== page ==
So later generations decided that it was safer to call Origen a famous guy than a saint, and he is considered an “ecclesiastical writer” rather than one of the Fathers. Every so often, fans of Origen complain about this and want to give him saintly honors. Unfortunately, some of his fans espouse heretical beliefs, or pull stupid things. (For example, one US Catholic hymnbook included an arrangement of the Litany of the Saints that included Origen… which is a no-no as well as being inaccurate to the song.)

However… Origen’s dad Leonides (or Leonidas) was a martyr. His feast day is April 22.

St. Leonides was one of the many Greek philosophers living in Alexandria. He was a Christian too, which was increasingly common. He had seven sons; Origen was his eldest and his heir. He was very proud of Origen’s smarts and piety, and Origen’s fatherly care for his own students suggests that Leonides was a very good dad.

When Origen was 17, and in the 10th year of Emperor Septimius Severus’ reign, St. Leonides was arrested for the crime of being a Christian. Origen visited him in prison, and was crazy to get martyred along with his dad. His mom, who was obviously a match for her men, decided that the only way to stop Origen from doing anything stupid was to lock up his clothes. She did let Origen write his dad letters, and we have one that has come down to us, where Origen encourages his dad to have courage and joy in contemplating the crown of martyrdom that was being offered to him.

There is some evidence that St. Leonides was made a bishop at some point, but we don’t know much about it.

St. Leonides was beheaded in AD 202.

As refusing to worship the Emperor’s Genius was a capital crime, his estates and goods were all confiscated and became government property. Origen became the head of the family and the protector of his widowed mom. At first the family got along mostly by charity, with Origen receiving special help from a rich “church lady.” But when Origen refused to receive communion together with a heretical guy whom this lady also supported, things seem to have gotten uncomfortable. So Origen opened his own grammar school and took in pupils for money.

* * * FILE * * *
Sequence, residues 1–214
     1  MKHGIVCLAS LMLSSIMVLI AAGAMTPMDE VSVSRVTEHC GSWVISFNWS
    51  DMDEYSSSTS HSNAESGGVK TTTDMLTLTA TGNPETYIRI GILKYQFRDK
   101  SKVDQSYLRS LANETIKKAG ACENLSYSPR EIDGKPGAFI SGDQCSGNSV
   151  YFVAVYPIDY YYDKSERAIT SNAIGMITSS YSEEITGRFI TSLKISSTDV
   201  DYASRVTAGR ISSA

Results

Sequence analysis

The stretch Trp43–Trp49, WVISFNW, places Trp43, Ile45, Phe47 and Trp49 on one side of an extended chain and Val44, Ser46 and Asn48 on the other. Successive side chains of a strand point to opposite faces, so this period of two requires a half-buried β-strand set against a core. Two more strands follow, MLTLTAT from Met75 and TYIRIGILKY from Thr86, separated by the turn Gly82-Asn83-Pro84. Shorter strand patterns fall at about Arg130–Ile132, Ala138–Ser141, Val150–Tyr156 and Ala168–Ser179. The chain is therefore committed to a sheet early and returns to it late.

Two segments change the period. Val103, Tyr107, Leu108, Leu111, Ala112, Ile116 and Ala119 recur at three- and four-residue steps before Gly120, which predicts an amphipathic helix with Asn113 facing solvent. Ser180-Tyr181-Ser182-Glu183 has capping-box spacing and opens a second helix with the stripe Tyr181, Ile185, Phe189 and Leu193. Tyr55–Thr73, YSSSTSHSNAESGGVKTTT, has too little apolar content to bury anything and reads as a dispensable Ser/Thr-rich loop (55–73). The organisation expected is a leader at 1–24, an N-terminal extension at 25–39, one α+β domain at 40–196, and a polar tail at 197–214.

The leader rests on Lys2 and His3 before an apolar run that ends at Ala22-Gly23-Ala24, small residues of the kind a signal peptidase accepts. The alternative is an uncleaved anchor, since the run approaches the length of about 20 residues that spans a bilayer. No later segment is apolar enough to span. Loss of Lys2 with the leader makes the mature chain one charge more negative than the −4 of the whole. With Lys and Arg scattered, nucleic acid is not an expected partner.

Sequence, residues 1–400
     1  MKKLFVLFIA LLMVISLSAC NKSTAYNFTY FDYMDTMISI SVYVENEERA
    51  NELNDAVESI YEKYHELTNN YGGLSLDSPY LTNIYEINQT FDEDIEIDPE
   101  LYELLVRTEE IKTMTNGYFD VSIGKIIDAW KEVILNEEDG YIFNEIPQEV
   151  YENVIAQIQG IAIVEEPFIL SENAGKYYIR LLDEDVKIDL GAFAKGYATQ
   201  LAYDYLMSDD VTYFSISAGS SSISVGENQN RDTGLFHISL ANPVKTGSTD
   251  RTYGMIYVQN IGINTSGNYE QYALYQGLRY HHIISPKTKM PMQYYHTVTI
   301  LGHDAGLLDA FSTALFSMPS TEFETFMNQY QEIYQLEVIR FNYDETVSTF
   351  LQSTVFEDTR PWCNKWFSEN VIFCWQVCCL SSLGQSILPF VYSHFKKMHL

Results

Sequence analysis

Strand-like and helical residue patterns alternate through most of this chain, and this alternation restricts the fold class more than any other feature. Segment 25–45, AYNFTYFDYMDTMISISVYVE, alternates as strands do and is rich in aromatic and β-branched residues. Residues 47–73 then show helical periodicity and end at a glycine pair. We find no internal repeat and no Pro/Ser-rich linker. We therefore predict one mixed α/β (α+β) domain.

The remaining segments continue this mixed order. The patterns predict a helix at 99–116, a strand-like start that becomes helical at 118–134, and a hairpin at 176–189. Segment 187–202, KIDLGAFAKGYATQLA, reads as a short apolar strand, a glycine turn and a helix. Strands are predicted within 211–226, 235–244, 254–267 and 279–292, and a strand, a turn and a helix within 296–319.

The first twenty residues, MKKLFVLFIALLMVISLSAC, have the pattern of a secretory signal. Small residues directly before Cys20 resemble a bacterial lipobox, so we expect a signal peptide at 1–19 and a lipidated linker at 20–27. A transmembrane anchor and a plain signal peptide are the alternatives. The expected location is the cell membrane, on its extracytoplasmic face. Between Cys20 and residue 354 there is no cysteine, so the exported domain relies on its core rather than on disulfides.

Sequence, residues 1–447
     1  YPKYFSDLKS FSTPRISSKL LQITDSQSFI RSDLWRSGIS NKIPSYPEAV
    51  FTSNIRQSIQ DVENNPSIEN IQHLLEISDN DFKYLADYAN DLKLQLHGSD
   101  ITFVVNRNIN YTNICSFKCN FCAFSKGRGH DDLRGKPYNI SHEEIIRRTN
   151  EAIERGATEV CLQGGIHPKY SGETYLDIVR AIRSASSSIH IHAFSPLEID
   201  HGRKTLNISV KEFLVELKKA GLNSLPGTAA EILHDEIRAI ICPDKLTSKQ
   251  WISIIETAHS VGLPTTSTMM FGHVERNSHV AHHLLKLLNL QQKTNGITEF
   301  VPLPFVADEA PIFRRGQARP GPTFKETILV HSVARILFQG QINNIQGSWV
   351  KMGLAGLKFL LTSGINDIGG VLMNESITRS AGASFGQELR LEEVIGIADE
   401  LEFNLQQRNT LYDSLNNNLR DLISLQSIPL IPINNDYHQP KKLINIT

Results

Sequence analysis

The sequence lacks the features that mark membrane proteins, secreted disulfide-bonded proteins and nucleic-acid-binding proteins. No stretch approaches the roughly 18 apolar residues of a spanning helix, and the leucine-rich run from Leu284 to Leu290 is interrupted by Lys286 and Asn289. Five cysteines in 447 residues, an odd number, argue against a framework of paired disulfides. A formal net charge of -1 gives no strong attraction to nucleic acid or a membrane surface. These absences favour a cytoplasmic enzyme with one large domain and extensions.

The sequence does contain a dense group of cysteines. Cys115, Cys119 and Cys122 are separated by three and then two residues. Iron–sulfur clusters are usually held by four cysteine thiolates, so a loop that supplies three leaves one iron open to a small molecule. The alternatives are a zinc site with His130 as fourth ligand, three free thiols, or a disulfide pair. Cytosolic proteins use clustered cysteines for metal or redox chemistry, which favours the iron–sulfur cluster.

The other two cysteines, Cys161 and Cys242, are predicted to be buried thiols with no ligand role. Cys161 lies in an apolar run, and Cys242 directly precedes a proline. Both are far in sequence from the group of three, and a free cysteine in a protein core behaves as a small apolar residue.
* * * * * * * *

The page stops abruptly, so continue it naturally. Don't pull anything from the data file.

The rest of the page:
A year after that, he served in his church as a catechist to catechumens (but he didn’t get money for that). His catechetical skills impressed everybody so much that he was appointed by the bishop to work full time at Alexandria’s catechetical school, even though he was still only 18. (Yeah, a lot of stuff can happen in a year, if you’re somebody with the energy of an Origen.)

When Origen became a full-time catechist, he sold all his secular books to a benefactor, who paid him in installments of 4 obols a day. (That’s about five cents.) Origen lived very simply off this, and slept on the ground. But since he wouldn’t accept charity or pay, a lot of his rich friends sent their scribes to take his dictation. At one point, Origen was dictating seven books at once, one to each amanuensis. (St. Thomas Aquinas and a fair number of other prolific guys have had the same habit; they could talk and think a lot faster than they could write.) His family was also taken care of, in various ways.

Origen never managed to achieve martyrdom. He followed his pupil St. Plutarch to the execution ground, and was almost attacked by one of those Alexandrian mobs — but his friends got him away. Other martyred students of Origen included St. Serenus (Plutarch’s brother), the other St. Serenus, St. Heraclides, St. Heron, St. Herias (a female catechumen who was executed by burning, and thus was literally baptized by fire), St. Marcella of Alexandria (a slave who took Origen’s catechism classes), St. Potamioena the Elder (her young daughter who was also catechized by Origen, and who was reported as a Christian by her slavemaster, who wanted to have sex with her; this led to Marcella’s arrest too. She’s “elder” to a later Potamioena from Hermopolis.), and St. Basilides (a pagan soldier who served as a friendly guard at the martyrs’ prison, and who was converted by dreams of St. Potamioena for three nights after her death, in which she put a crown on his head and told him that she was praying for him from Heaven). Tons of his students also survived, of course!

Origen also ended up traveling and teaching other places, such as Antioch, Caesarea in Palestine, and Berytus (Beirut). He got into trouble for being ordained a priest in Caesarea, without consulting his home bishop in Alexandria. He also got into trouble for a brief period of teaching that maybe Hell’s torments wouldn’t last forever (he changed his mind) and that the Devil could repent. (Actually, this was inserted into copies of one of his books by heretics — what he actually taught was that, if the Devil could repent, then he could be saved. But demons can’t, so he wouldn’t.) But he was also a great one for bringing people out of heresy, both by his good explanations and his kindly, humble personality. He was actually sent to the Arabian bishop of Bostra to stop a new heresy about the divinity of Christ, and we have the bishop’s letters to Origen thanking him for bringing him out of heresy.